Silicon Valley Street Style is a weekly feature that looks at the intersection of fashion, technology and taste.

Barry Bonds uploaded a photo on Twitter on Monday in which the former big-league superstar looked over the city of San Francisco—coffee cup in hand, Google Glass on his face, deep introspection in his eyes.

“I’m glassing,” reads the superimposed caption. 

It’s a message I imagine said in Bonds’ voice, as if he were looming behind me and whispering “I’m glassing” into my ear with hot breath. 

And yet … why? 

Google, as we know, is doing its darndest to make its face computers socially acceptable to the masses, yet according to the myriad of flummoxed users, Bonds has nothing to do with the anti-Glasshole campaign. 

Bonds, it seems, is doing a solid for his pal, “visual storyteller” Anthony Phills, the guy behind “I’m Glassing,”  a project and magazine about the wearable—a project not sponsored by Google. 

Glassing is a term referring to wearing and using Google Glass, a word that Phills is trying to force into the modern day lexicon—joining the ranks of tech-words-turned-canon like “Googling” and “tweeting.” 

Phills and Bonds have a tough road ahead of them. What is the consensus about people wearing Google Glass? Google Glass has become the symbol of privilege and shamelessness, and willing to wear the device on your face conveys a sense of pseudo-intelligence, pseudo-clout.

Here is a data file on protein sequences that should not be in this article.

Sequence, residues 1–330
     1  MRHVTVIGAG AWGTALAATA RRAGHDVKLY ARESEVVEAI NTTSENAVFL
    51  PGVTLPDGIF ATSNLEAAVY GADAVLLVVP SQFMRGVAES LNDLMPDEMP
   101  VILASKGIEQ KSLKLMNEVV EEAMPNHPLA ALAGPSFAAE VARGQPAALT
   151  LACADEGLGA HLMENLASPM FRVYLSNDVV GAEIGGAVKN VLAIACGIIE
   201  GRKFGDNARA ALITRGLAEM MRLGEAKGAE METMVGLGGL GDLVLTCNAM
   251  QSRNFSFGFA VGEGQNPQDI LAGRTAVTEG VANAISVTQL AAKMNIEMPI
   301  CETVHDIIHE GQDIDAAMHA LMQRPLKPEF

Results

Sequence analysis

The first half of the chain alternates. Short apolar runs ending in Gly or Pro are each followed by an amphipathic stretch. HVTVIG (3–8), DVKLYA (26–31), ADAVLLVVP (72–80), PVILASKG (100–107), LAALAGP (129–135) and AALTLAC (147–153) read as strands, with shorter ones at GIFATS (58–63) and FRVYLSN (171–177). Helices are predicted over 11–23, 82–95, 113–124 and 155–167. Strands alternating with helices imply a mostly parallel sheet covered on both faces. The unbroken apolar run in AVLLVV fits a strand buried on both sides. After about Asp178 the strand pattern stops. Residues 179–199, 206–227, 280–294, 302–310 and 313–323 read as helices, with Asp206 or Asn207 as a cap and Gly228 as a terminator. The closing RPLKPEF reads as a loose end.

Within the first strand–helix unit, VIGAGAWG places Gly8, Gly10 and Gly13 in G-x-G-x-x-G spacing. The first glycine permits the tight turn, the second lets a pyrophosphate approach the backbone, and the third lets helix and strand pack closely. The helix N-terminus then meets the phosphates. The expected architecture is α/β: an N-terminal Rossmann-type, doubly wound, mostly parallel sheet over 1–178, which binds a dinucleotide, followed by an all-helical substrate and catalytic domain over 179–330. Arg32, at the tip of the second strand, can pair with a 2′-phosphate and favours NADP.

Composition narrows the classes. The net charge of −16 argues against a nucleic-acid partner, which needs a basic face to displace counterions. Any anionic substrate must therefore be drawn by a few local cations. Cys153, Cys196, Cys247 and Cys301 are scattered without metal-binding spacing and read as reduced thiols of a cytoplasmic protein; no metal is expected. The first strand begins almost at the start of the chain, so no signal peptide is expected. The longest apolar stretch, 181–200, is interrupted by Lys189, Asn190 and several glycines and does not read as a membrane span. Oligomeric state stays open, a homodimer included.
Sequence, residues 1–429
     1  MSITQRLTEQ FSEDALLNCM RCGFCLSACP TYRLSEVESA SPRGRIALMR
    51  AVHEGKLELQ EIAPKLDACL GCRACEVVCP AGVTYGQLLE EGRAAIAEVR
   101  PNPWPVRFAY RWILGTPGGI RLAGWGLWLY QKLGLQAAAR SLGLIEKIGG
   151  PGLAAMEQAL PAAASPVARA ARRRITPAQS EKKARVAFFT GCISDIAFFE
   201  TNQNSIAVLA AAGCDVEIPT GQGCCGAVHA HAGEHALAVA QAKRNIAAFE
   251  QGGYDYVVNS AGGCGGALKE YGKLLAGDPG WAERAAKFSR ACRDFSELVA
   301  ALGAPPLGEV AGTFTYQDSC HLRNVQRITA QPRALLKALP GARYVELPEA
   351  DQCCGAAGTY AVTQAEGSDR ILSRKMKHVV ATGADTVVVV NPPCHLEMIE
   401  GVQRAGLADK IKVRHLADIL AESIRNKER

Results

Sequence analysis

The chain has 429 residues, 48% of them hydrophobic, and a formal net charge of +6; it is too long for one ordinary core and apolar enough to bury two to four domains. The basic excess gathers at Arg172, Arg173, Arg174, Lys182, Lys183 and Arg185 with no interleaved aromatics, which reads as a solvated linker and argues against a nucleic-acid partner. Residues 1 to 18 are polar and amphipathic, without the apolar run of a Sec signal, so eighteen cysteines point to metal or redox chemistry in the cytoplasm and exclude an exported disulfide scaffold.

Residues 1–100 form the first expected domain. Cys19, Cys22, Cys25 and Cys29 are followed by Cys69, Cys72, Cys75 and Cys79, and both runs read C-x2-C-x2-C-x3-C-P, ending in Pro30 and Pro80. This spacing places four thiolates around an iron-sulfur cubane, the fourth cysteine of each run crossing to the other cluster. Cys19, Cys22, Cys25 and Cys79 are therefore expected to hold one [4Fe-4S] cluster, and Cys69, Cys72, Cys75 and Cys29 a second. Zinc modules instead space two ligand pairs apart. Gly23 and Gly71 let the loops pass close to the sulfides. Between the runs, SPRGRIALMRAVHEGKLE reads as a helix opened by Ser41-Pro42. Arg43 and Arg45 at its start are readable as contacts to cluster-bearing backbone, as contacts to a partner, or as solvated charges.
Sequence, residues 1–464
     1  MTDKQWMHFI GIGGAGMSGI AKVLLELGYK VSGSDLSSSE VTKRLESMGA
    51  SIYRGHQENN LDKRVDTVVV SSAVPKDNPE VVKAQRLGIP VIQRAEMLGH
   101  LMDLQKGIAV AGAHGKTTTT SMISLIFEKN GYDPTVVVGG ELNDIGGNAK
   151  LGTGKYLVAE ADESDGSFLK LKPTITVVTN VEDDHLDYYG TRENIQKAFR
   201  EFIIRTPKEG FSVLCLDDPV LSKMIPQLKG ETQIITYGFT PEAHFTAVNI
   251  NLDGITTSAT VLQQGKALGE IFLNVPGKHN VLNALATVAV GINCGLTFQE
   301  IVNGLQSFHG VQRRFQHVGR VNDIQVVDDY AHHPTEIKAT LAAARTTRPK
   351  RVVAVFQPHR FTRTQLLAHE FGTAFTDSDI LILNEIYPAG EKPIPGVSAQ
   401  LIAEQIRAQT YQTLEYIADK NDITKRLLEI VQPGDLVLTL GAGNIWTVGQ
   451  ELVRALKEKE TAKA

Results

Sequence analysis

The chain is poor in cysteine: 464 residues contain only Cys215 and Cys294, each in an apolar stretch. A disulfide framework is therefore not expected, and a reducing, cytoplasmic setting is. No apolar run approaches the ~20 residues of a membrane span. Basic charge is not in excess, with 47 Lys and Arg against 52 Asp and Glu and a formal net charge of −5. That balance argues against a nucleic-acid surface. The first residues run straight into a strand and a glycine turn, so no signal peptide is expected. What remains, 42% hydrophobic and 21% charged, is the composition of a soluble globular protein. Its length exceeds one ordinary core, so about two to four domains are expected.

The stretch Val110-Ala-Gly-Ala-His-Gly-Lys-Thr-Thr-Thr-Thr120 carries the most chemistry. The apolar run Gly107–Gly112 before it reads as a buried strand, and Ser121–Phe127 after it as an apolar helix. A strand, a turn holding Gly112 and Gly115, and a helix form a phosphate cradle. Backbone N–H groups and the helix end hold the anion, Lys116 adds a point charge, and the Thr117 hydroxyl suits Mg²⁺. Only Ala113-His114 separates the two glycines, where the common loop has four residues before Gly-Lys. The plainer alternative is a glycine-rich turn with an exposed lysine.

From The Daily Show ripping apart Glass-wearers to the emergence of the term “Glasshole”, people who wear Google Glass are now seen as more of a punchline than anything. A person wearing Google Glass in public, especially in the Bay Area or at a tech event, exudes some sort of invisible people-repellant force that just makes everyone hate you. Everyone except your fellow Glassholes, that is.

Still … I think it works on Bonds. 

As a guy who is not of the tech world, he’s trying. I’ll readily roll my eyes at the people already invested in the Silicon Valley tech lifestyle who throw on a pair of Google Glass like a sign that says, “I know tech. And I’m wealthy.”

But Bonds is just getting into the whole social media thing, slapping Google Glass on, adapting to the times. As a figure so very integral to San Francisco culture, I feel as though Bonds is adopting Google Glass as if it were a peace offering to the city’s techie landscape. And I can’t fault him for that. Our tiny Silicon Valley bubble can be an angry, elitist bully sometimes and frankly I just want to take Barry Bonds by the hand and let him inside. 

Looking at this picture, I get the exact same feeling I get when I see old people who are happy. My heart swells. I tear a little. 

So “Glassing” is not a thing. So “Glassing” is a made-up term that Google doesn’t even want to associate with. So “Glassing” could already be in reference to totally unrelated things like using glass bottles as weapons or an attack move in Halo

So what? There’s a mixture of enthusiasm and being so out of touch that is reminiscent of every #dadjoke that’s ever been told. I have my doubts, but I support you, Barry. Keep on doing what you do.